The ONLY thing I would add to this is a quick comment in regards to synthetic clothing. You say: “Synthetic clothing is best for hiking and dries quickly.” Totally true! However, I’ve started to use a lot of merino stuff, and I REALLY love it. Super comfy, stays warm when wet, and does a much better job of not getting smelly as fast as synthetic stuff (interestingly, I have a backpacker friend who is a textile expert, who works for big outdoor brands, and she talks a lot about how the make-up of synthetic fiber just invites body oder to stay around). On the downside, merino stuff can get pricey, and I’ve found that it doesn’t have the lifespan of synthetic. Interestingly, I have a blue Icebreaker shirt that I’ve worn through brutal desert backpacking trips AND really chilly alpine trips, and it’s done fantastic at keeping me cool and warm when I need it. I have no idea how that is possible, but it’s pretty amazing material 🙂

    Thanks for the write-up!

    1. allison says:

      I was implying “wear anything but cotton” but didn’t include merino as I should have! I’ll be updating. I actually was head to toe in merino for my JMT thru hiker. As you said, wool is fantastic in the heat! I talk about it so much it didn’t get a mention here!! Thanks for adding 😀

    2. marijka says:

      Re. merino – wool is easily mended. Even if you don’t sew much or have a machine, you can pick up a variety of weights of wool thread at a good yarn or needlecraft store and mend by hand. (The thread would often be intended for hand embroidery, crewel, or even machine stitching.) Or just have a sewing friend or alterations person do it for you, especially if it’s a hole that needs filling rather than a tear where you can match edges. Regardless, be sure to hang on to old merino wool garments to use as scraps for that very purpose, or to line other garments for warmth! Wool can last forever and just gets better with age.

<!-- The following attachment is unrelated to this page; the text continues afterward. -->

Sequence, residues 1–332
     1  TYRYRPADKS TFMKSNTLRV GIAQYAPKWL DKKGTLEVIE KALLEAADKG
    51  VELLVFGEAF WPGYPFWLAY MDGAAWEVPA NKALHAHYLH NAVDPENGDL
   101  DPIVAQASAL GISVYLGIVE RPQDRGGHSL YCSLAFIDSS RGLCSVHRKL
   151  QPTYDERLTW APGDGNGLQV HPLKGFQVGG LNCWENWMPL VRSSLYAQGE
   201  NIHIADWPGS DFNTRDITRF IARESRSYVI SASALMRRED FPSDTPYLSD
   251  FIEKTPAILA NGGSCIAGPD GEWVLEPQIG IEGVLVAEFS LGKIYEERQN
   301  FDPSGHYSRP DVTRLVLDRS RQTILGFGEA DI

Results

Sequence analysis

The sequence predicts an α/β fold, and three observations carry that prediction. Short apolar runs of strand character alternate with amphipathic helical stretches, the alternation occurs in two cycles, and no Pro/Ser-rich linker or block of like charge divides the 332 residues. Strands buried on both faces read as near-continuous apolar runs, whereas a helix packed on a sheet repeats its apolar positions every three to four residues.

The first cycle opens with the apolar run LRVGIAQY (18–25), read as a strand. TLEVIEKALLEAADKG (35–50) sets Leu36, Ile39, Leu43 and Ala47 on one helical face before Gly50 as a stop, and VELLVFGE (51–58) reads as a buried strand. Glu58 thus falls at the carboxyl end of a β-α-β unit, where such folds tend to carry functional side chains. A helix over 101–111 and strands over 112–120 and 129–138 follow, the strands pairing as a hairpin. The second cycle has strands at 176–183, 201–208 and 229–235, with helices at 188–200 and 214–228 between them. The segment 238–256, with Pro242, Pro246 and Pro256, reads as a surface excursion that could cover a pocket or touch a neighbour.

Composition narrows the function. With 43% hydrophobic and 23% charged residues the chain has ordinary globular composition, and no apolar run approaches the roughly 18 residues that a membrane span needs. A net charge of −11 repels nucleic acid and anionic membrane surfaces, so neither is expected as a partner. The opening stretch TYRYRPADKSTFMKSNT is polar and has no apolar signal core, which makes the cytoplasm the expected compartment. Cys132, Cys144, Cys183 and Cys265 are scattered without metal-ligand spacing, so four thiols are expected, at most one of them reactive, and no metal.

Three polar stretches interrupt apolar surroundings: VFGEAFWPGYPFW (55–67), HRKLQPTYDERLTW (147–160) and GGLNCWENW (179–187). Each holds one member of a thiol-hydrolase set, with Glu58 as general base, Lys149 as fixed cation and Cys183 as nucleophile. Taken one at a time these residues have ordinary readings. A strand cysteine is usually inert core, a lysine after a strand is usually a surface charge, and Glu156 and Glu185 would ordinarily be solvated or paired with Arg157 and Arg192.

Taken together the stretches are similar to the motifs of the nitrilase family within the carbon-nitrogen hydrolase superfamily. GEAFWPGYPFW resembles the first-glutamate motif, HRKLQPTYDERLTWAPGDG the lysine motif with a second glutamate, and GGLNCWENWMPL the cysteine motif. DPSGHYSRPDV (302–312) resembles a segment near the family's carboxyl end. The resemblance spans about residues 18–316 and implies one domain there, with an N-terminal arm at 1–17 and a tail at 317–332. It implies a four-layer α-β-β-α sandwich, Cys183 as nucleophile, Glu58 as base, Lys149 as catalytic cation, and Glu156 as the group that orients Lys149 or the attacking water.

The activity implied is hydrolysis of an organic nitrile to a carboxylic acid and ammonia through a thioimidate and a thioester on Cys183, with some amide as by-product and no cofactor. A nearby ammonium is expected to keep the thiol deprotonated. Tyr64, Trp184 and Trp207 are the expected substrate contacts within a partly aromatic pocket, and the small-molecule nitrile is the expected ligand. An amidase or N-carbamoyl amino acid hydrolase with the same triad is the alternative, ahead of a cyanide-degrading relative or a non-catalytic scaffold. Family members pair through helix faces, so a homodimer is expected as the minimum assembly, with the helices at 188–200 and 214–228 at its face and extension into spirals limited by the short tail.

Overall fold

8. Diane says:

    Thank you for some great tips! However, IUDs do NOT regulate periods, in fact, they may cause them to be heavier.

    1. allison says:

      Thanks for sharing! Misinformation on my part. I’ll edit this. Thanks!

    2. Dafne says:

      I’ve been using an IUD for approximately 3 years and my periods have all but disappeared. YMMV.

    3. CN says:

      My IUD reduced my periods dramatically.

    4. Kathy says:

      My teenage daughter got her IUD and hasn’t had a period since! I think it depends on the type of IUD you get, and whether the IUD has hormones/medications in it.

    5. Carrie says:

      I’m lucky, my IUD has stopped my periods!

  9. La Chatte says:

    It is a myth that bears are not attracted to the menstrual blood. It’s a politically correct egalitarian thing to say and frequently repeated. It’s false.

    Bears smell EVERYTHING. Go near a house dog, he knows. Gnats hover too in heavy insect wilderness. Use common sense. Political correctness is fake science.

    1. Kathy says: